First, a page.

- Nintendo's Wii.
- iPhone/iPod Touch (ARM, limited functionality due to licensing requirements; I will blog later this week about this).
- *BSD (x86, x86-64).
Developing with Mono
Long time Linux developers will probably continue to use Emacs and VI, but some new Linux developers might want to use an IDE. New developers can use our open source MonoDevelop IDE on Linux, or alternatively the commercial X-Develop IDE or SlickEdit.
If you are a Windows developer, you can continue using Visual Studio or your IDE of choice to write the code and compile it. Your binaries will run just fine on Linux.
To assist Windows developers in porting their applications to Unix, we have provided the Mono Migration Analysis tool.
The Mono Virtual Machine gained plenty of features since Mono 1.2 was released. We have added:
- Generic Code Sharing and VTable Compression have been implemented: this significantly reduces the memory footprint of generic type instantiations, while still getting the speed benefits of using generics.
- AOT support: in addition to x86, we now also support ARM and x86-64.
- COM interop is now complete (works on Windows with "real COM" and can be used on Unix with Mainsoft's COM or Mozilla's XPCOM).
- AOT code can now AOT parts of 2.0 assemblies (assemblies that contain generics).
- Full AOT support (allows code to run JIT-less, this is limited to 1.0 code).
- CIL Verifier: Now Mono has a CIL verifier.
- CoreCLR Security: the security system used by Moonlight.
- Many optimizations that improve execution performance: New intrinsics operations (Math.Min/Max for example); various operations are now inlined by the JIT; managed allocations (no transition to unmanaged code for allocating memory); multi-array access is now tuned by the JIT; constant and block initializations are now handled by the JIT; Faster initialization and access to multi-dimensional arrays (4x faster).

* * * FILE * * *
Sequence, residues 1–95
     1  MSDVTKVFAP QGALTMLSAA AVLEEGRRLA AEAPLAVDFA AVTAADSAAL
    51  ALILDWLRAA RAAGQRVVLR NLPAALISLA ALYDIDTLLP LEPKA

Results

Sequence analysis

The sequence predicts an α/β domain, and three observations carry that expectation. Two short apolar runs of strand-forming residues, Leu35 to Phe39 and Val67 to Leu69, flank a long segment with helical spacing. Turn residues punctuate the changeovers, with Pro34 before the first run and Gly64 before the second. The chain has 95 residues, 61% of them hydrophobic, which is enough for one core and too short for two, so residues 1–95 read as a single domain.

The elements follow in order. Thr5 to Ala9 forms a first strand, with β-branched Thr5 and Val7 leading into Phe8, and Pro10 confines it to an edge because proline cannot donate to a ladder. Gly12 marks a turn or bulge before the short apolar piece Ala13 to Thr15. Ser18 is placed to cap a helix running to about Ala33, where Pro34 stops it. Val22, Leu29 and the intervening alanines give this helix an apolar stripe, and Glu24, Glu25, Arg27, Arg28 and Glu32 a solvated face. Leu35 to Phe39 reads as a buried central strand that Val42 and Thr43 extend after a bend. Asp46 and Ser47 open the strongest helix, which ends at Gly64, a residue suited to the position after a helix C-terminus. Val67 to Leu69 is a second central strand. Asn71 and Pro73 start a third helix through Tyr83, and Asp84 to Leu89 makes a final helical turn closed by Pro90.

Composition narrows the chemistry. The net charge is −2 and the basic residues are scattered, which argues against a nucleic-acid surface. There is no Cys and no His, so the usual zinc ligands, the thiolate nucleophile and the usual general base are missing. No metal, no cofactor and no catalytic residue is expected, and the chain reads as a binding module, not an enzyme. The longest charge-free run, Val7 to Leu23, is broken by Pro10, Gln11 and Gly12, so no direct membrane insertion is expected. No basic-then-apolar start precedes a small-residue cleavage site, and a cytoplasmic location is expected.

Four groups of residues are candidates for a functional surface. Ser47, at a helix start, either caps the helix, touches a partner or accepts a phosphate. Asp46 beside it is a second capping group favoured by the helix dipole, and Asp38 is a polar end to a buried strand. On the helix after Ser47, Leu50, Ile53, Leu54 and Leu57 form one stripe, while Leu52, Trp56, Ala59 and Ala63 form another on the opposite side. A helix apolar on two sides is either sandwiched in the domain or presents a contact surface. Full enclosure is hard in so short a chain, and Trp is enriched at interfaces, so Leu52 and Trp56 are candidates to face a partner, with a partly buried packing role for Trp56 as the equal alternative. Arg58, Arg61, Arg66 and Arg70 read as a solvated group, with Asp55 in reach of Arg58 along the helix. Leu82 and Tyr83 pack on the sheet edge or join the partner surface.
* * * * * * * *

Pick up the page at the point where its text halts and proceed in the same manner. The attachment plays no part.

- The runtime went on a diet, many runtime data structures are smaller making Mono lighter.
In addition the the Mono Debugger making its debut appearance on this release, we are very proud of our code analyzer Gendarme.
Gendarme is a extensible rule-based tool to find problems in .NET applications and libraries. Gendarme inspects programs and libraries that contain code in ECMA CIL format (Mono and .NET) and looks for common problems with the code, problems that compilers do not typically check or have not historically checked.
Mono is not perfect, but we want to improve it. Like many other open source projects, we need your bug reports to improve Mono. If you have problems with Mono, help us by filing a bug report.
Special thanks to Hacker Extraordinaire Aaron Bockover who not only brings us the best media player in the world, but created the new web site design and implemented and tuned it over very long extra hours up until 7am in the morning on his weekend.
And to our packaging and QA team that spent extra hours to get all the bits and pieces in place for the release.